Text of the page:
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ORIGINAL ARTICLE
Year : 2021  |  Volume : 36  |  Issue : 2  |  Page : 120-124

Establishing the [18F]-FDG production via two different automated synthesizers for routine clinical studies: Our institutional experiences of 4 years


1 Department of Nuclear Medicine, Sanjay Gandhi Post Graduate Institute of Medical Sciences; Department of Pharmacology, Integral University, Lucknow, Uttar Pradesh, India
2 Department of Nuclear Medicine, Sanjay Gandhi Post Graduate Institute of Medical Sciences, Lucknow, Uttar Pradesh, India
3 Department of Pharmacology, Integral University, Lucknow, Uttar Pradesh, India

Correspondence Address:
Dr. Manish Dixit
Department of Nuclear Medicine, Sanjay Gandhi Post Graduate Institute of Medical Sciences, Lucknow, Uttar Pradesh
India
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Source of Support: None, Conflict of Interest: None


DOI: 10.4103/ijnm.IJNM_137_20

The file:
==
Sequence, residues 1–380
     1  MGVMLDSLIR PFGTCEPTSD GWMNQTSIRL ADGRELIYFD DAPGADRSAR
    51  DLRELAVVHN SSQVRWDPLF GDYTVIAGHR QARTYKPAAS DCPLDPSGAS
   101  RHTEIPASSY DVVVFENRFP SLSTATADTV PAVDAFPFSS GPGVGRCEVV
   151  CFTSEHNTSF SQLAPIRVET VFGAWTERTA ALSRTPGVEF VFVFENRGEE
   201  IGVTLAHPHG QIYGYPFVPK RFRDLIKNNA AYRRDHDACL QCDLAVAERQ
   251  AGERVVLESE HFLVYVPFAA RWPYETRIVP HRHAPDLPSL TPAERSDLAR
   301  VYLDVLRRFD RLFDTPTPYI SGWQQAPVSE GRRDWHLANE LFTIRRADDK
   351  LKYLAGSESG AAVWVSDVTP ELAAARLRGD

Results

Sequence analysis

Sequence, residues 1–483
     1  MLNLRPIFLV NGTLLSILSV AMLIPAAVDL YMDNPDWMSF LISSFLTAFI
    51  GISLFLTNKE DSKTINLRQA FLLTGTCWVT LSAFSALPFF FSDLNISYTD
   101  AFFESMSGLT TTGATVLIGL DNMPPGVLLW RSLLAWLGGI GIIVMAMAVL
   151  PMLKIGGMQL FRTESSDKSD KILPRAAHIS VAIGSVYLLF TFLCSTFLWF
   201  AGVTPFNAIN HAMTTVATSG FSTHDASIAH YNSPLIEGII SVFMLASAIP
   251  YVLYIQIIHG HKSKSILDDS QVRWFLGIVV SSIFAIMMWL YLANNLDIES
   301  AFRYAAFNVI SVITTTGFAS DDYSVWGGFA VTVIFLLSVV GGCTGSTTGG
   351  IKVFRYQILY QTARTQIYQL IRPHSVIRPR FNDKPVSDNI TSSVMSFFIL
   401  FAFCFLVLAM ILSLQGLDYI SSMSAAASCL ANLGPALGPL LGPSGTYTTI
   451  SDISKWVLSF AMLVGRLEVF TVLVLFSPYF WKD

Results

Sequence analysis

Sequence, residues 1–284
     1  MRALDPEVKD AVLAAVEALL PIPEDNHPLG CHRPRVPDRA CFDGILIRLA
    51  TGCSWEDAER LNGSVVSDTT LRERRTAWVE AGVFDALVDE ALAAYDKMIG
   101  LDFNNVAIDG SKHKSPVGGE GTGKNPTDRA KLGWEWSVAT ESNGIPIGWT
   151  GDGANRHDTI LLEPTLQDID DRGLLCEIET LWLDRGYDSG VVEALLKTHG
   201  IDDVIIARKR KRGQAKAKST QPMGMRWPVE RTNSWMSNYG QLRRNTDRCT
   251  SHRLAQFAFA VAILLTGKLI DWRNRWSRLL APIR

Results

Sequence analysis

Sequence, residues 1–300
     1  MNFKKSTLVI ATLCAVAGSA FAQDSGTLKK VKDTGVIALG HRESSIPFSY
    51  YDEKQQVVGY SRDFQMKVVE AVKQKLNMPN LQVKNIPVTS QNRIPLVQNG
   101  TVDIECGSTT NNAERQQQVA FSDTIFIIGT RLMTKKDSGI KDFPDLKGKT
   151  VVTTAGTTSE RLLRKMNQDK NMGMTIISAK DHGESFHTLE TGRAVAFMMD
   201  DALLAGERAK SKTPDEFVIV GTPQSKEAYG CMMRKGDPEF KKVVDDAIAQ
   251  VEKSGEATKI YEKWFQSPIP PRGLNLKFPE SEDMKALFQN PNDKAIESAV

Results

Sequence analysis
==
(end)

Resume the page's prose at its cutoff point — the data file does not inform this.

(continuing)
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Introduction: [18F]-Fluorodeoxyglucose ([18F]-FDG) is the most widely used positron-emission tomography tracer used for imaging in clinical studies such as early detection of cancer or its malignancies, quantifications, staging, and restaging of several malignancies. For clinical application, routine production of this tracer is mandatory in compliance to regulatory guidelines. Several dedicated commercial synthesizers are currently used for producing[18F]-FDG for clinical usage. Being at hospital radiopharmacy, it is our responsibility and duty to support the clinical service with uninterrupted production and supply of [18F]-FDG. This document describes the production of [18F]-FDG using two different automated synthesizers in terms of its production yield, time of synthesis, and analyze the quality control (QC) of the produced [18F]-FDG. Materials and Methods: The precursor, mannose triflate ultra-pure, authentic nonradioactive standard FDG and [18O]-water were obtained from ABX, Germany. Solvents and reagents were purchased from Sigma Aldrich India Ltd. and Fisher Scientific India Ltd., (Mumbai, Maharashtra, India). Results: The protocol developed for the synthesis with MPS-100 synthesizer yield of [18F]-FDG is approximate about 45% End of Bombardment (EOB) with synthesis time of around 35 min, whereas with F300E synthesizer it is around 60% with synthesis time of 25 min. The quality of the tracer produced by both synthesizers is at par with the QC parameter for clinical applications. Conclusions: Finally, we have developed the production using two automated synthesis modules which have the capability to produce [18F]-FDG, to do the patient studies in good yield and purity. Our protocol is simple, reproducible, and robust.


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